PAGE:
Chart of the Day: Australian Credit Growth Has Collapsed

Steve Keen’s thesis about the credit accelerator adding to aggregate demand is interesting. Basically, Steve is saying that private debt adds to the ability of one consumer to purchase goods, services and assets without a concomitant decrease in another economic agent’s ability to do the same because banks can create money ‘out of thin air’. The upshot of this is that credit growth propels economic growth forward even in the absence of income growth. Obviously, you cannot have ever accelerating credit growth because credit can’t grow to the sky unless you are deep into Ponzi. So eventually credit growth in any economy wanes.

If you look at the rate of growth in credit, it tells you something. When it hits an inflection point i.e. when credit growth peaks and begins to decelerate, investors should take it as a harbinger of declining GDP and a signal to shift assets toward risk-off trades. Right now, Australia is demonstrating some serious softness in credit growth as the chart below attests.

The analysis by David Lawson goes:

The lack of expansion in the Australian private credit markets is certainly having an adverse effect on commerce in the post 2008 financial crisis period. Annual private credit growth has averaged 3.5%, since it dropped down to single digit figures in October 2008.

Personal credit and business credit have been the deadweight’s, averaging an annual growth of -1% and -0.5% respectively. Housing credit has offset this with an average annual growth rate of 6.9% since October 2008. However, this has since slowed to an average annual rate of 5.3% for the first 3 months of this year and is continuing on this slowing trend. With significantly less credit coming into the market, the Government have had no choice but to compensate deficit spending.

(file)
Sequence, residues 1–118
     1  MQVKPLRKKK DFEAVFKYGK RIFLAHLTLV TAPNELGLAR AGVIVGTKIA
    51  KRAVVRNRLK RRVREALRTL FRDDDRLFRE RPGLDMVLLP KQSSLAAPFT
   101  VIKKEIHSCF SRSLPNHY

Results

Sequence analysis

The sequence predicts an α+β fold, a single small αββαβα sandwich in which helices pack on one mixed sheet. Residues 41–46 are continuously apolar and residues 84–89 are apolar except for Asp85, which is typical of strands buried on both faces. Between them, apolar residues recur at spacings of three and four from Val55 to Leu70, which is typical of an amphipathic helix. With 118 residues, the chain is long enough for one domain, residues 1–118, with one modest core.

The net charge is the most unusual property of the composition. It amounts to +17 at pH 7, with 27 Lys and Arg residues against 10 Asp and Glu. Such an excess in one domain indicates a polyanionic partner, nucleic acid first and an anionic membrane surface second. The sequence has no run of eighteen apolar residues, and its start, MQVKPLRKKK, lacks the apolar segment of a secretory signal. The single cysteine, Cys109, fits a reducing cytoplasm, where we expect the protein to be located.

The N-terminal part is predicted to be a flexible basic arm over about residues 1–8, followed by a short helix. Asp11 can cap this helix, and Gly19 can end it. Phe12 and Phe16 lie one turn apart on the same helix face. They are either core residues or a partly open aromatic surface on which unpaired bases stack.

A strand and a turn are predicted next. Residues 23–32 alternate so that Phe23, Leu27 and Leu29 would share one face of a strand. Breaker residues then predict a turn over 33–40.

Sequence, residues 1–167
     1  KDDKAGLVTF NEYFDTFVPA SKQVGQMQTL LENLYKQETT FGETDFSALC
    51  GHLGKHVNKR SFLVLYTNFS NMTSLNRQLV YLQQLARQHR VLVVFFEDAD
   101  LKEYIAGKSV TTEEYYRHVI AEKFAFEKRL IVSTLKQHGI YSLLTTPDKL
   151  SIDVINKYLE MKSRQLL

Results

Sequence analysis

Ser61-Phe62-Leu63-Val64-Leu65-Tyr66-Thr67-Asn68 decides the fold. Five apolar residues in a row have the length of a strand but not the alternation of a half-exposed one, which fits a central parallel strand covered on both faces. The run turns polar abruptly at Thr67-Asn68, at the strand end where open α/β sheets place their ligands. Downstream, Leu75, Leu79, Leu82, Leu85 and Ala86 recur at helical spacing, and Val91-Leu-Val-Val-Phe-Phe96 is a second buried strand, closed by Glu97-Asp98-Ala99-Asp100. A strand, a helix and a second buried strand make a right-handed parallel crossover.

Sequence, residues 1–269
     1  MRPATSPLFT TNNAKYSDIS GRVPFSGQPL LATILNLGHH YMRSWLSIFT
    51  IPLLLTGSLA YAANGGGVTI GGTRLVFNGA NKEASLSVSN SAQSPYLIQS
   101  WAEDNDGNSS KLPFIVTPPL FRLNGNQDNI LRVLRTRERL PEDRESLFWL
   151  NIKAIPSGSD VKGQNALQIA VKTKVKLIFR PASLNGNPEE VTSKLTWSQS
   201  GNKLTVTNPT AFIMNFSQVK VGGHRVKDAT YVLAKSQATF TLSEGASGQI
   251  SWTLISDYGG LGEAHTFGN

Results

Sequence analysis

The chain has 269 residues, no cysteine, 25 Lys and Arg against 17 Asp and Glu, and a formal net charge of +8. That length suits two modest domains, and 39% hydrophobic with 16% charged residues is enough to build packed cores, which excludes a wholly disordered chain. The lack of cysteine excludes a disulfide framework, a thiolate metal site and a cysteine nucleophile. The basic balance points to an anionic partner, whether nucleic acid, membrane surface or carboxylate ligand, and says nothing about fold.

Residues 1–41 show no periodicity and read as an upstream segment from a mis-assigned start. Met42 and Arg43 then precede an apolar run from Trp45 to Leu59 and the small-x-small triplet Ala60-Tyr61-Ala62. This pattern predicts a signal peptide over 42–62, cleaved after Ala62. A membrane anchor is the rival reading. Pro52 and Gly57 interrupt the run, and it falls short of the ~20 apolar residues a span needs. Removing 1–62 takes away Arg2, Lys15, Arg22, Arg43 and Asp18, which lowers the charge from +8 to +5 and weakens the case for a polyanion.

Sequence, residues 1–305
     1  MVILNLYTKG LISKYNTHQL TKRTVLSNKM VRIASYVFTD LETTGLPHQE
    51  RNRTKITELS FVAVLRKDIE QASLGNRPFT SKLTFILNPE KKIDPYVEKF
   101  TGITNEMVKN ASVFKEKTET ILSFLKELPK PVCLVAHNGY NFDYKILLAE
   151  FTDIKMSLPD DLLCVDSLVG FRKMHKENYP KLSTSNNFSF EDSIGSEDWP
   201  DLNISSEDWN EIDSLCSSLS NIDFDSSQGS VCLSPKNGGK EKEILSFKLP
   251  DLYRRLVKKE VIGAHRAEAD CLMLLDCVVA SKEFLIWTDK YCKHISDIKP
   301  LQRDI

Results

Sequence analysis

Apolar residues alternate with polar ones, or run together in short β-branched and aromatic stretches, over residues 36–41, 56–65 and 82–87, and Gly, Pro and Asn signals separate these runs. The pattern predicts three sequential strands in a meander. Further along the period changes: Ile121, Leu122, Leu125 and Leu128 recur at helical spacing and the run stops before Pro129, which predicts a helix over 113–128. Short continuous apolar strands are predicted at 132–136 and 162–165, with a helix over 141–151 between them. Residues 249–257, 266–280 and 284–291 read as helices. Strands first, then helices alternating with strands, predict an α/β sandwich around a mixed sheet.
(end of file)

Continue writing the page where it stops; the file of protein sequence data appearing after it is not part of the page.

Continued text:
Question: how long will the government compensate with deficit spending? If Australia turns to austerity, you don’t even need to know your financial sector balances to realise Australia would be a serious risk-off bet. This day is coming soon.

More below

Source: Nowhere to Grow – Steve Keen’s Debtwatch

  1. David_Lazarus says

    This outcome has been known about for years. Australia has had a spectacular property/credit bubble for years and quite frankly it is surprising that it has survived this long. It is still not unwinding so when that happens it will turn nasty. 

    1. dibbsy says

      It is unwinding supported by any statistic. Credit growth, sales, number of proerties on market, auction clearances, HOUSE PRICES.. ? Can you be more specific?

      1. David_Lazarus says

        Well I am not watching Australia particularly closely, but the fact that the housing market is only slightly off its peaks, is still worrying. With the first time buyer subsidies a few years ago sucking in many at inflated prices means that when the bubble bursts these people will be locked out of the market for years. Then the Australian banks are loaded up with hot chinese money which could leave the banks insolvent if there were a bank run. Australia has two things in its favour and that is that it is a currency issuer and a big commodity exporter. Australia’s current situation rests with China. If the slowdown in iron exports continues then that will increase pressures. As with most countries the real problems lie in the banks. How the government deals with them is the key to the outcome. 

  2. Marko says